Let me begin by appreciating Prof Olukotun for, as usual, dissecting the issues with Achebean simplicity. But there are some fundamentals i suspect we need to highlight if we ever hope to fly with what i consider a pure political oxymoron, "Nigerian democracy" (always in scare quotes in my lexicon).
Let me confess that i have not read Prof. Diamond's essay on democratic recession, but an abstract i saw tells me a lot in terms of locating and contextualizing terms and concepts.
In fact, i think we should always be scared theoretically when we use the term "Nigerian democracy". This is because that is when we will be less baffled about the manifestation of antidemocratic and undemocratic practices that Nigerian political system demonstrates regularly. In the first place, Larry Diamond's piece is meant to address the state of global democracy (i wonder what that means). That assumption of a global trend in democratic configuration, it seems to me, already suffers from a contextual dislocation that figures as a subtext to Prof. Olukotun's piece about Nigeria. Democracy answers to historical specificities. There isn't even a seamless univocity in the understanding of the meaning of the fundamental of democracy. Should democracy be deliberative or procedural? Is majoritarian democracy a just system? Is "liberal democracy" a misnomer?
To worsen matter, Larry Diamond's summary reflects a significant doubt about the correlation between instability and illiberalism and a democratic polity. This, if we, for now, forgo the teoubled theoretical relationship between liberalism and democracy, and instead focus on the conjoining of liberal democracy to Nigerian political realities, what would a democratic calculus reveal about our situation? What level of illiberal dysfunction and unstable structural manifestations qualify us to be "democratic"? I know this may be considered beating an old theoretical path in democratic theory, but have we beaten that path sufficiently well to justify an uncritical complacence about democratic practice in Nigeria? It seems to me that we can begin to untangle our political predicament firat at the conceptual level. Conceptual clarity will enable us to come to terms more with anomalies.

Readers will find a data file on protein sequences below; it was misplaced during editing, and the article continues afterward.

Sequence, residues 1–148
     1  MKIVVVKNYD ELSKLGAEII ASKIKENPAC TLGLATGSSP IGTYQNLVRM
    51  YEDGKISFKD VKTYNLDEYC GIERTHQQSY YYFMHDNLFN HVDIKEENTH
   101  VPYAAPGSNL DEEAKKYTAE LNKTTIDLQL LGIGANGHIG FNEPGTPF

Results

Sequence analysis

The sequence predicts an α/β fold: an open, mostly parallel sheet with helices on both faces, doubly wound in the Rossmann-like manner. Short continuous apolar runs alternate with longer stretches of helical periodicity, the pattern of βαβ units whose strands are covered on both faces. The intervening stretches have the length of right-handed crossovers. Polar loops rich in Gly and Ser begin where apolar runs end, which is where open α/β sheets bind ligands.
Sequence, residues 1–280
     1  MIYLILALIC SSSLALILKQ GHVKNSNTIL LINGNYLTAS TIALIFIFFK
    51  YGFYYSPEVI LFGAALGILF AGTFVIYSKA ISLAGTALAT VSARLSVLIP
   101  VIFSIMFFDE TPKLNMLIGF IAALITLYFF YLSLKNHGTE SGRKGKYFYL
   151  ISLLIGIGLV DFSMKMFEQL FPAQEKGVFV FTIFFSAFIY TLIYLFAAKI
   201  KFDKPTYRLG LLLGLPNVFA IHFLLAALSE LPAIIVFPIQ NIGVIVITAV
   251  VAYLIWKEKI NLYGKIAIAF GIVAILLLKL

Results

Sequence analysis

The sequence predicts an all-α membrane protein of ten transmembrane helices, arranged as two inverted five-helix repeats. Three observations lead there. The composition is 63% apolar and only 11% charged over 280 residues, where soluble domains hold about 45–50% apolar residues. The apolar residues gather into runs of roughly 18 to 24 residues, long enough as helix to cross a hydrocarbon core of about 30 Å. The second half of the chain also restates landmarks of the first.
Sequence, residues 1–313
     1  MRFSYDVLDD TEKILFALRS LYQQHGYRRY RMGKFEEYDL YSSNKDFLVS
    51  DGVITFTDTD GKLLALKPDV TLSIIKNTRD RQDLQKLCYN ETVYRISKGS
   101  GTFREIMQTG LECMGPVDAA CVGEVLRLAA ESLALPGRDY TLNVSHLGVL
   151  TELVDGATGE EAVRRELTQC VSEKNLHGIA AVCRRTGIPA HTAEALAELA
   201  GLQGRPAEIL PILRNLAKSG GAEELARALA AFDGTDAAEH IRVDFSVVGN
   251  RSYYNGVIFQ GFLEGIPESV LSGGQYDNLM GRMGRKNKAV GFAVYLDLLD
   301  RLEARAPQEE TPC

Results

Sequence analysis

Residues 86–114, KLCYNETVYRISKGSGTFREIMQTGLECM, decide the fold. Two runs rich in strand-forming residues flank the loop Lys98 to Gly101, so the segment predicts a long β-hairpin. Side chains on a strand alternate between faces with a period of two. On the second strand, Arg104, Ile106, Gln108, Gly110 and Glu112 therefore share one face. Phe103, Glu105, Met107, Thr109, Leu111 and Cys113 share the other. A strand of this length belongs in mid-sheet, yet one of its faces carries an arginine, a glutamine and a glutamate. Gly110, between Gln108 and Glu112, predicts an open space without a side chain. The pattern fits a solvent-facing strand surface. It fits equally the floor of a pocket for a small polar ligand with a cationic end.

Thus, i suspect a true.reading of Diamond's essay should commence with an analysis of divergence. To what extent does Nigeria qualifies as a democratic polity with the level of institutional disjuncture it possesses? I suspect an answer that takes reality serious will find the Nigerian state in that penumbral site where the difference between "democratic" and "authoritarian" merges seamlessly.
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